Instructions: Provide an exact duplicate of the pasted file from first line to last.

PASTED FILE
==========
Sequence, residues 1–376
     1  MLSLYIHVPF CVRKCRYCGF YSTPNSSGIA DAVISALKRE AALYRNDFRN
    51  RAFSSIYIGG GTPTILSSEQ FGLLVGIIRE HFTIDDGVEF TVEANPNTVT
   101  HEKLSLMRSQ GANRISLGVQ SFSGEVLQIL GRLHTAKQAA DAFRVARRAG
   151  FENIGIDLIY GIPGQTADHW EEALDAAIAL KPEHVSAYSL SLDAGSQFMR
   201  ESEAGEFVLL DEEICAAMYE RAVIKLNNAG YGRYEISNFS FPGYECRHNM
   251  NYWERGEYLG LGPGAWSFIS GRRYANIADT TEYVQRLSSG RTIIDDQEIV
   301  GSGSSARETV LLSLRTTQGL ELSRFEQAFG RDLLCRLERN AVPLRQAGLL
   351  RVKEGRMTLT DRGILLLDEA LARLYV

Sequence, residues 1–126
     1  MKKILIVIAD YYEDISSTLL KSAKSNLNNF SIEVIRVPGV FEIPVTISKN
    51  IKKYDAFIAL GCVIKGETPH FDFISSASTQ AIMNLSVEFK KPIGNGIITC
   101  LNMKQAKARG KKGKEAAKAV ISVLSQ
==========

Sequence, residues 1–376
     1  MLSLYIHVPF CVRKCRYCGF YSTPNSSGIA DAVISALKRE AALYRNDFRN
    51  RAFSSIYIGG GTPTILSSEQ FGLLVGIIRE HFTIDDGVEF TVEANPNTVT
   101  HEKLSLMRSQ GANRISLGVQ SFSGEVLQIL GRLHTAKQAA DAFRVARRAG
   151  FENIGIDLIY GIPGQTADHW EEALDAAIAL KPEHVSAYSL SLDAGSQFMR
   201  ESEAGEFVLL DEEICAAMYE RAVIKLNNAG YGRYEISNFS FPGYECRHNM
   251  NYWERGEYLG LGPGAWSFIS GRRYANIADT TEYVQRLSSG RTIIDDQEIV
   301  GSGSSARETV LLSLRTTQGL ELSRFEQAFG RDLLCRLERN AVPLRQAGLL
   351  RVKEGRMTLT DRGILLLDEA LARLYV

Sequence, residues 1–126
     1  MKKILIVIAD YYEDISSTLL KSAKSNLNNF SIEVIRVPGV FEIPVTISKN
    51  IKKYDAFIAL GCVIKGETPH FDFISSASTQ AIMNLSVEFK KPIGNGIITC
   101  LNMKQAKARG KKGKEAAKAV ISVLSQ